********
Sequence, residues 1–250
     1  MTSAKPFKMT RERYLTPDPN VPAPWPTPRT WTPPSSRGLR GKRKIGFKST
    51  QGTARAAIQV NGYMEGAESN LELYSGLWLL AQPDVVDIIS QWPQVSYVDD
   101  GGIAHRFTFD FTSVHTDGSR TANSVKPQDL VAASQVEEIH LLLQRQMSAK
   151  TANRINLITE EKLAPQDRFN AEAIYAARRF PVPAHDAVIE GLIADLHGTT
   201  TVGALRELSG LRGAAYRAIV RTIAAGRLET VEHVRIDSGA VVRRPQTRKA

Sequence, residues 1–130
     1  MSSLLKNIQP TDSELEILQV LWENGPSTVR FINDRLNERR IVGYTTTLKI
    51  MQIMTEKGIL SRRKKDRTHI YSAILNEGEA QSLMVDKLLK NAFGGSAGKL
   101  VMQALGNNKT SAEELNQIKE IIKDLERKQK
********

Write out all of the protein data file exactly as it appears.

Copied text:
Sequence, residues 1–250
     1  MTSAKPFKMT RERYLTPDPN VPAPWPTPRT WTPPSSRGLR GKRKIGFKST
    51  QGTARAAIQV NGYMEGAESN LELYSGLWLL AQPDVVDIIS QWPQVSYVDD
   101  GGIAHRFTFD FTSVHTDGSR TANSVKPQDL VAASQVEEIH LLLQRQMSAK
   151  TANRINLITE EKLAPQDRFN AEAIYAARRF PVPAHDAVIE GLIADLHGTT
   201  TVGALRELSG LRGAAYRAIV RTIAAGRLET VEHVRIDSGA VVRRPQTRKA

Sequence, residues 1–130
     1  MSSLLKNIQP TDSELEILQV LWENGPSTVR FINDRLNERR IVGYTTTLKI
    51  MQIMTEKGIL SRRKKDRTHI YSAILNEGEA QSLMVDKLLK NAFGGSAGKL
   101  VMQALGNNKT SAEELNQIKE IIKDLERKQK